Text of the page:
Friday, October 9, 2009

What Do We Do About Rangel?

Democrats running for Congress in 2006 and 2008 promised an end to the Republican practice of turning a blind eye to corruption within their ranks and protecting their members from the consequences of their ethical violations.  I’m sad to agree that promise has come under a cloud of disbelief, with cause.

rangel It is time for Democrats in Congress — who once justifiably complained about the corruption of the Republican majority — to demonstrate to Americans that someone in that august body has ethical standards.

Instead, House Democrats have again shielded Representative Charles Rangel from his serial ethical messes and ducked their responsibility to force him from the chairmanship of the Ways and Means Committee.

Speaker Nancy Pelosi, maintaining her tunnel vision on behalf of a powerful colleague, led the majority to defeat the Republicans’ latest call to depose the New York lawmaker. She does the nation no favor.

Two of her Democrats broke ranks and voted against Mr. Rangel, but far more need to face up to the obvious: the chairman’s gavel weighs increasingly like a millstone as new disclosures surface about Mr. Rangel’s ethical gaffes and official misdeeds.

The most recent was the congressman’s postscripting more than $500,000 to his assets disclosure last summer, essentially doubling his net worth to somewhere between $1 million and $2.4 million. This joined a lengthy docket of bizarre-to-outrageous behavior that was supposed to have been fully investigated by the House by last January, according to Ms. Pelosi’s initial estimate.

Mr. Rangel’s accumulating missteps and Ms. Pelosi’s refusal to force him to step aside only compound the spectacle. Here is the nation’s chief of tax-writing legislation clinging to power even as his flaws as taxpayer and lawmaker grind slowly and mysteriously through the House ethics committee.

The congressman clearly violated House standards in using his official letterhead to solicit donations from scores of business and foundation leaders for a City College of New York center named for him to house “the inspirational aspects of my legacy.” One oil executive pledged $1 million to Mr. Rangel, who insists there was no quid pro quo in his defending an off-shore tax loophole worth tens of millions to the donor.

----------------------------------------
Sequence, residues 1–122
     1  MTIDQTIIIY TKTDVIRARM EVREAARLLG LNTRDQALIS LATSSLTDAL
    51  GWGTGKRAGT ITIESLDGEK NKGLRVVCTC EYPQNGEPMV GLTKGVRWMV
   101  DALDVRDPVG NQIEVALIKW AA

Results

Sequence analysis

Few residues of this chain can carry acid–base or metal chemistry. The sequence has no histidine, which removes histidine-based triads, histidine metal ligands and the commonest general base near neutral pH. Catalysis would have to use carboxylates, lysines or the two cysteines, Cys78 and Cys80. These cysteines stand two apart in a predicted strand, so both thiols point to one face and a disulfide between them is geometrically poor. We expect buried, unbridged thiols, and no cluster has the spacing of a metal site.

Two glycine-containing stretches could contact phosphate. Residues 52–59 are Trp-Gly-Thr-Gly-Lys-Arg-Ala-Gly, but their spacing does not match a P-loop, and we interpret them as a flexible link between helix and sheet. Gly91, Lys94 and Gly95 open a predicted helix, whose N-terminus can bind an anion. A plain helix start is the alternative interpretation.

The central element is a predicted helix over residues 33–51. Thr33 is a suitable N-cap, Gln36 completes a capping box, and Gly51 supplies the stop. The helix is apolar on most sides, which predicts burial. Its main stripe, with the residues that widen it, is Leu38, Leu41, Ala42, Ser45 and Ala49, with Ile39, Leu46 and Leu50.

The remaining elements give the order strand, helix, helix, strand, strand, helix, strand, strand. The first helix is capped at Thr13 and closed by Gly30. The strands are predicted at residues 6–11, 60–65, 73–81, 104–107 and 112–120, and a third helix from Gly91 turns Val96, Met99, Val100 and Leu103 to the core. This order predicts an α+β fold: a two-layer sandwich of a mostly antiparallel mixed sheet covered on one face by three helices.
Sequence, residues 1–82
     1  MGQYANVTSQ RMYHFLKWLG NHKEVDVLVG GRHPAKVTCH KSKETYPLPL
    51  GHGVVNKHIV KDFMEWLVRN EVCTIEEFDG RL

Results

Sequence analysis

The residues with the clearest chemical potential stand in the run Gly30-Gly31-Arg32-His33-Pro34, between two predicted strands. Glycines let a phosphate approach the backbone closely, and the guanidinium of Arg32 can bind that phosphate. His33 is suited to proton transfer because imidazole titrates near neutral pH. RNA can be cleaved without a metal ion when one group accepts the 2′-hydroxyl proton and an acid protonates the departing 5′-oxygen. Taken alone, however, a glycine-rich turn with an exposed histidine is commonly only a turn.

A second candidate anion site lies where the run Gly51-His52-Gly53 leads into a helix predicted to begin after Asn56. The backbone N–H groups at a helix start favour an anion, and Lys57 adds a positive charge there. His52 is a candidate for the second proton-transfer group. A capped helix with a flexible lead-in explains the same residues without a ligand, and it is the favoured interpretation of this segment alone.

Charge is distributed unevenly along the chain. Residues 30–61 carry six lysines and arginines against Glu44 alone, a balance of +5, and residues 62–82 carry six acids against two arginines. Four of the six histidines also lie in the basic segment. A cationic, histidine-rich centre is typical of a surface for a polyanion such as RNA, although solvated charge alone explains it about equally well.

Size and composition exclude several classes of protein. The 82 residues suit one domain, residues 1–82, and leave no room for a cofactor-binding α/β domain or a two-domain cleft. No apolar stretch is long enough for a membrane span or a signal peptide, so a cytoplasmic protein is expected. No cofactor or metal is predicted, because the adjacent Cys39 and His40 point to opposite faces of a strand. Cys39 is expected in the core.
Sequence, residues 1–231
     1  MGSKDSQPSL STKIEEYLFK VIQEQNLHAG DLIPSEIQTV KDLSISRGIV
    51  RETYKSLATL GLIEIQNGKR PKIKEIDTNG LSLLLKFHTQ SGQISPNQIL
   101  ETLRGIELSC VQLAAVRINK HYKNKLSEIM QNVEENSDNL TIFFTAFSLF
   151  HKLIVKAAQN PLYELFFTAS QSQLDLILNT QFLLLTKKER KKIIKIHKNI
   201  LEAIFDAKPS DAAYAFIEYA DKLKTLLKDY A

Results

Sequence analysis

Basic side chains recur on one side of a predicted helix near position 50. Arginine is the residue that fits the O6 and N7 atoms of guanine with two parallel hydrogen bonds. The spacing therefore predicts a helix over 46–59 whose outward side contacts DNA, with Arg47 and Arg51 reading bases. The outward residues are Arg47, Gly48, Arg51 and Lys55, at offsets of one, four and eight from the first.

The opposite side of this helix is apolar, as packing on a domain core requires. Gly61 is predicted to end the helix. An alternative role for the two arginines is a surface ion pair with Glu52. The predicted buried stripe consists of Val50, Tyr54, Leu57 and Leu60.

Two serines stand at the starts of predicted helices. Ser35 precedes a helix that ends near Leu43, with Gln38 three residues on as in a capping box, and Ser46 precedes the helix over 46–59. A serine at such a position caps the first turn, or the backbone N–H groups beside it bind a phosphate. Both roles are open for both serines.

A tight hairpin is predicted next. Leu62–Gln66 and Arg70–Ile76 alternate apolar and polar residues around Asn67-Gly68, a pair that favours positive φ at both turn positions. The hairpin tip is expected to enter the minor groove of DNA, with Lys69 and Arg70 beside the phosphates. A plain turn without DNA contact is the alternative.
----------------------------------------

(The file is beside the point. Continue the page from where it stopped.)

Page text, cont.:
Mr. Rangel admitted an “irresponsible” slip-up in his failure to pay taxes and disclose $75,000 in income from a Dominican villa on which he enjoyed an interest-free mortgage. Closer to home, the congressman was allotted four rent-stabilized apartments in Harlem by a politically savvy landlord — a boon worth an estimated $30,000 a year. The ethics panel is supposed to be studying whether that violates House gift rules... [emphasis added]

Inserted from <New York Times>

There are few people you know who are as highly partisan as I am, and as much as I would like to see Rangel allowed to continue the fine work he has done over the years, the fact remains that the Republicans are right on this one.  I have nothing against Mr. Rangel, and I wish him every success in clearing his name, but it seems so obvious that he’s been caught with his hand on the cookie jar, that he ought to step down from the Chair of Ways and Means until the matter has been resolved.  If I didn’t admit it when we’re wrong, I could not claim integrity.  Neither can Nancy Pelosi and the Democratic leadership.  When they promised an honest Congress, we took them at their word.  How can anyone believe their word, if they act like the Republicans, whom they used to blast for their sorry ethics?  Credibility demands that they keep their word.


Stimpson said...

I agree 100% with you on this matter, TomCat. Rangel should not chair the Ways and Means Committee while his ethics on tax matters is under review. This isn't even debatable, as far as I'm concerned. I have no idea why Pelosi is supporting the guy, other than blind partisanship.

Brother Tim said...


TomCat said...

Stimson, you're right.

Brother, you have summed up the cause.